Bringing Home Baby
Updated: Sep 9, 2019
Several Oxford families have chosen to cross the globe to complete their families, walking the daunting path of international adoption.
Written by Sarah McCullen | Photographed by Joe Worthem
The Burns Family
After their 4-year-old daughter asked if they realized there were children in the world without parents, Anna and Brodie Burns started researching adoption agencies. In December 2017, they submitted their application to adopt through Lifeline Children’s Services. Having been on mission trips to Mexico and Ecuador, the Burnses knew they wanted to adopt from Latin America, and in June, they brought their 2-year-old daughter Lucy home from Colombia.
“We chose international adoption because if we hadn’t chosen her, her quality of life would be hopeless,” Anna Burns said. “In Colombia, once (orphaned children) reach maturity they don’t have long-term resources, so she would have just aged out of the system and become a lady of the streets.”
Once families decide to adopt, they must consider whether they are willing to adopt a child with special needs. Lucy has hydrocephaly, or extra fluid around her brain, which limits her physical and speech capabilities. Doctors expect her to walk and talk after extensive therapy, but even if not, Anna knows Lucy was meant to complete their family of five.
“She has the most beautiful smile,” Anna said. “To be a small part of what God can do in her life is so worth all the cost.”
Colombia, along with China, South Korea and Haiti, is one of the easiest countries to adopt from. However, adoptions must be coordinated through an accredited agency like LCS. A significant part of the process is the home study. It’s a grueling four- to five-month process involving paperwork and interviews by a social worker who probes into the applicant’s life and past.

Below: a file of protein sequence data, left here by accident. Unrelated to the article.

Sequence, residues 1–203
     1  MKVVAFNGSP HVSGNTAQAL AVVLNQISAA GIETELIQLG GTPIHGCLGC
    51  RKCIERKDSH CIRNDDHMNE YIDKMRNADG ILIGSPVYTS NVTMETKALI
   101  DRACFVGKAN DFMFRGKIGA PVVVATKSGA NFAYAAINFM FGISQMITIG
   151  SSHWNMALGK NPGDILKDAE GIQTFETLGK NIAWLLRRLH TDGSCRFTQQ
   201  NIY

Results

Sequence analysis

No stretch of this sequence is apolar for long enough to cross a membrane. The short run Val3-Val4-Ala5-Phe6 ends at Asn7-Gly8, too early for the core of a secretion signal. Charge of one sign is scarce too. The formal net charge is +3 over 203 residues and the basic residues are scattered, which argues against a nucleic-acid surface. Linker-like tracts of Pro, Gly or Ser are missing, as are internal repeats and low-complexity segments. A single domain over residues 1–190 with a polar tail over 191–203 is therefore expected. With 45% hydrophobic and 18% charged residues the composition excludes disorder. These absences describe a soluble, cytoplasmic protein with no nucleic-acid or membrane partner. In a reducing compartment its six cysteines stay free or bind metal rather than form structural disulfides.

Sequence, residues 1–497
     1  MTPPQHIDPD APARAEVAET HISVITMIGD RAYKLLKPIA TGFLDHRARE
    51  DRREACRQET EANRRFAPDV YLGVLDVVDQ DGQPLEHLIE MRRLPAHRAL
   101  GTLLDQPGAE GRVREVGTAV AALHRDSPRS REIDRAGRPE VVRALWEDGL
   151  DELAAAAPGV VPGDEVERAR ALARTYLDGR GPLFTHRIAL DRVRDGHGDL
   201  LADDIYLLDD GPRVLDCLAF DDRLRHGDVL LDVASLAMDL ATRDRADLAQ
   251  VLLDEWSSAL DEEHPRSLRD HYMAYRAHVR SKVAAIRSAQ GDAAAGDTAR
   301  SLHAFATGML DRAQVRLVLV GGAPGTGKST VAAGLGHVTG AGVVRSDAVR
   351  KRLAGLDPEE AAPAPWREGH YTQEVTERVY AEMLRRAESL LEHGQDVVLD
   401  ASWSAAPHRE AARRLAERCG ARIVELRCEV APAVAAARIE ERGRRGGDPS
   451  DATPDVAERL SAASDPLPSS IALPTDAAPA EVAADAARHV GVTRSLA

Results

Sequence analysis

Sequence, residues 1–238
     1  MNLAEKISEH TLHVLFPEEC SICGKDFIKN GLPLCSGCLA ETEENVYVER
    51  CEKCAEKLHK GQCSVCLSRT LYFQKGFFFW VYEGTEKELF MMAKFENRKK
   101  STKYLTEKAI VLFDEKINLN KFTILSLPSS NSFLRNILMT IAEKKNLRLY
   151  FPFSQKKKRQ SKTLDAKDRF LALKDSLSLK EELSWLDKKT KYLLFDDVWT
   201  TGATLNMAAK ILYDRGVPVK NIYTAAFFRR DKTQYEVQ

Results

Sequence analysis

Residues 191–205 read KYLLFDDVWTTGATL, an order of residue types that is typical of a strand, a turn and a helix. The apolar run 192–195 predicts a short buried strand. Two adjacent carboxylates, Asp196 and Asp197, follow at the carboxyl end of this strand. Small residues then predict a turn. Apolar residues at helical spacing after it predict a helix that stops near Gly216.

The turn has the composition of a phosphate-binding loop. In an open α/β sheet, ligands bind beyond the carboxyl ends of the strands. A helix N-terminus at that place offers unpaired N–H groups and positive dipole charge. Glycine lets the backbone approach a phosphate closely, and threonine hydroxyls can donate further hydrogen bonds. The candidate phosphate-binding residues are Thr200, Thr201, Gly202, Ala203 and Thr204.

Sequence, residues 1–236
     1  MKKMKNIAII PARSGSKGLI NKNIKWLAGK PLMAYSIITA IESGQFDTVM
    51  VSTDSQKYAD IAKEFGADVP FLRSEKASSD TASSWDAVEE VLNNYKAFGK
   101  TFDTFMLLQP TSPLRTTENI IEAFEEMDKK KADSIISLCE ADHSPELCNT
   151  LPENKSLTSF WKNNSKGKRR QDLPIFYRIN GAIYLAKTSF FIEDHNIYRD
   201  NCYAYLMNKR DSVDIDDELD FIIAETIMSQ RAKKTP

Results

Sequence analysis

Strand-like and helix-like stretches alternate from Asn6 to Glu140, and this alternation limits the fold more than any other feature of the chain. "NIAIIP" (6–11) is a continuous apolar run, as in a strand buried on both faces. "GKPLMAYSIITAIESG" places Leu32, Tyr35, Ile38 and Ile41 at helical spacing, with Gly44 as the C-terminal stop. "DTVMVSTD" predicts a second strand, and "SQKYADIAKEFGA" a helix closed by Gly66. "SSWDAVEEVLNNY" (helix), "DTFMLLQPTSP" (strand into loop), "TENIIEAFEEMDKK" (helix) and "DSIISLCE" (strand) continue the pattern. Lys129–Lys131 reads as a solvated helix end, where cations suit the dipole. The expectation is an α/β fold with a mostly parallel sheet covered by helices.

Once the application and the home study are complete, an in-country agency employee works on matching a child with the family. When all agree on the match, the family travels to the country where they meet the child and finalize the adoption. It often takes weeks to secure the child’s American citizenship, and, according to consideringadoption.com, international adoptions typically cost between $20,000 to $40,000.
“People often hear the cost and turn away,” Burns said. “But our social worker said she never declined an adoption for financial reasons. If you are led to adoption, God will provide the funding. We had a fundraiser to cover a $5,625 bill, and we raised $5,725. It just happens.”
The Carpenter Family
Like the Burnses, Jill and Joey Carpenter were open to adopting a child with a disability. Ultimately, their decision matched them with their son Witt, now 7, adopted from China in 2014. Witt has arthrogryposis, a condition that limits movement in some joints.
“You have to specify what you’re open to, and there were a million possibilities that we had to go through to weigh,” Jill said. “We checked that we were open to club feet.”
The Carpenter’s agency, also LCS, sent out weekly emails listing children with more complex needs, and that’s where Jill first saw Witt’s photo. They requested to review his file, and learned more about Witt’s physical condition — he might never walk. When files are requested, the family has two weeks to make a decision. But that same week, Joey was hospitalized.